Sorry, you need to enable JavaScript to visit this website.

You are here

Oliver Linder - Master Internship at IRFM in Caderache

Master Internship at IRFM in Caderache, France
Reported by Oliver Linder. Powered by FuseNet.

As part of my Master studies in 'Science and Technology of Nuclear Fusion' at Eindhoven University of Technology, I did a 10-week long internship on gyrokinetic modelling at the 'Institut de Recherche sur la Fusion par confinement Magnétique' (IRFM), which is part of CEA Cadarache, located in the magnificent Provence in direct neighbourhood of ITER.

IRFM is home of Tore Supra, the first superconducting tokamak in the world. Currently, Tore Supra is being upgraded to WEST, the W-tungsten Environment in Steady-state Tokamak, for the investigation of plasma facing components made of tungsten. I had the luck of arriving just at the start of the 1st WEST Experiment Planning Meeting on April 18th. Although WEST is not related to the topic of my internship, I was able to attend interesting talks about the capabilities of this device and I even had the opportunity to take a close look at the machine and its divertor elements, since they were being delivered and inspected around this period.

Besides experimental investigations, research at IRFM also focuses on theoretical work and modelling of tokamak plasmas. A tool for the study of turbulence driven transport developed at IRFM is the quasilinear gyrokinetic code QuaLiKiz. As opposed to other gyrokinetic codes, such as GENE, GKW, GYRO, and GS2, results for energy, particle, and momentum fluxes are obtained in a matter of minutes instead of hundreds of hours, making QuaLiKiz an excellent tool for the study of temperature and density profiles in experimental devices. However, achieving this gain in computation time is only possible by making several assumptions and approximations to the original physics. For operating conditions of present day devices, this approach was found to yield similar fluxes as results obtained with more complete codes. Yet, during the study of conditions with flat or reversed profiles of the safety factor, relevant for hybrid scenarios, rampup and ramp-down phases, as well as for ITER and DEMO operation, significant disagreement was observed. Analyzing the parameter range where this discrepancy occurs, as well as investigating possible reasons for this behavior was the goal of my project.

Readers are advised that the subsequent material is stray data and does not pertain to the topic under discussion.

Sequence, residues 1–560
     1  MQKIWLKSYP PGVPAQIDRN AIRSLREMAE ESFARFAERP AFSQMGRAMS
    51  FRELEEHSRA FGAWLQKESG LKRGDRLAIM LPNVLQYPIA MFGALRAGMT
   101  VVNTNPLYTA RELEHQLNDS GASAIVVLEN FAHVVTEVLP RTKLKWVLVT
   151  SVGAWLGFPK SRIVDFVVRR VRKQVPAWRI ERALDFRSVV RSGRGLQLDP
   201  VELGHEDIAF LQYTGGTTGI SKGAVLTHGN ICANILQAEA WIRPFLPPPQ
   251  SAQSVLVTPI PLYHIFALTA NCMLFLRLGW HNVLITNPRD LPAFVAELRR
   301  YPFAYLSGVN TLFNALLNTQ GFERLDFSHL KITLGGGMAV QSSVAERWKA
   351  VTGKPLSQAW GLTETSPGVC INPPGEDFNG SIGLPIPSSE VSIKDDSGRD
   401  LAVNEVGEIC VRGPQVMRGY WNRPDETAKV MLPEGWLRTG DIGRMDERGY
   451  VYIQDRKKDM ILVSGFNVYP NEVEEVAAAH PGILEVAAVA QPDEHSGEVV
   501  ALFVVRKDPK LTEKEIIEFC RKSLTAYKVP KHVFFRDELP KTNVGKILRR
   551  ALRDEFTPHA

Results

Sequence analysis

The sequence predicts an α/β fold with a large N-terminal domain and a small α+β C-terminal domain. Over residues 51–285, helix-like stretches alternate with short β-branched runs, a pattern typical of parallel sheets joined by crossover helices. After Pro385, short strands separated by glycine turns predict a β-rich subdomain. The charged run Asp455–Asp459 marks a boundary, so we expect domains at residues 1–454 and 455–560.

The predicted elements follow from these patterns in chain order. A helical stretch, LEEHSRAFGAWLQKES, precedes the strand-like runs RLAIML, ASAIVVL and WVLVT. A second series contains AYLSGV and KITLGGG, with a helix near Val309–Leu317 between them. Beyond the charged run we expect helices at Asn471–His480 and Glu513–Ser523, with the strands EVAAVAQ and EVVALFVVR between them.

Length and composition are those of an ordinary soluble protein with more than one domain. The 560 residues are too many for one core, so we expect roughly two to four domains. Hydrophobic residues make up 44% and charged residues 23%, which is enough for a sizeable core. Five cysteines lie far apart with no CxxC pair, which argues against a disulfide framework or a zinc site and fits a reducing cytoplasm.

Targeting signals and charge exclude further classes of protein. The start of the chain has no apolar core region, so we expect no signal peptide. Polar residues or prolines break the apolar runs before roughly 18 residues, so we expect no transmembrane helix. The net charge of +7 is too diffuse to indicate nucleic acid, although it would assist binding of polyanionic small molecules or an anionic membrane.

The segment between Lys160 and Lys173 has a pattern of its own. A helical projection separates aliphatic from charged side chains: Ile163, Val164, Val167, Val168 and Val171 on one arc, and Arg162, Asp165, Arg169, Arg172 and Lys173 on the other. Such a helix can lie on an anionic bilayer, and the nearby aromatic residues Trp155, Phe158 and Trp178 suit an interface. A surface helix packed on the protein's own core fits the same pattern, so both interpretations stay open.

The practical work consisted of delving into linear gyrokinetic theory, running calculations with QuaLiKiz and linear GENE on the NERSC supercomputer Edison, and comparing characteristics of the instability calculations, such as the threshold gradients above which instabilities set in or the growth rates of instabilities for changing values of the ion temperature gradient. Using the results of my investigation, the authors of the code QuaLiKiz now have a clearer view on this issue of the discrepancies and several indications at hand where further analysis might resolve them.

During this internship I learned a lot about very interesting physics and how gyrokinetic theory can be applied in practical codes for the analysis of experimental data of fusion devices. Working with both codes on a Linux based system was very fascinating and it gave me valuable insights into the field of tokamak plasma modelling. My supervisors Jonathan Citrin and Clarisse Bourdelle were always motivated to discuss physics, numerical aspects, investigative approaches, results of my work and beyond, thus being a key part of the success of my internship. I'd also like to express my sincere gratitude towards FuseNet for for supporting me during this internship, as this was a precious experience for me and it helped me to get a clearer view on my future in fusion.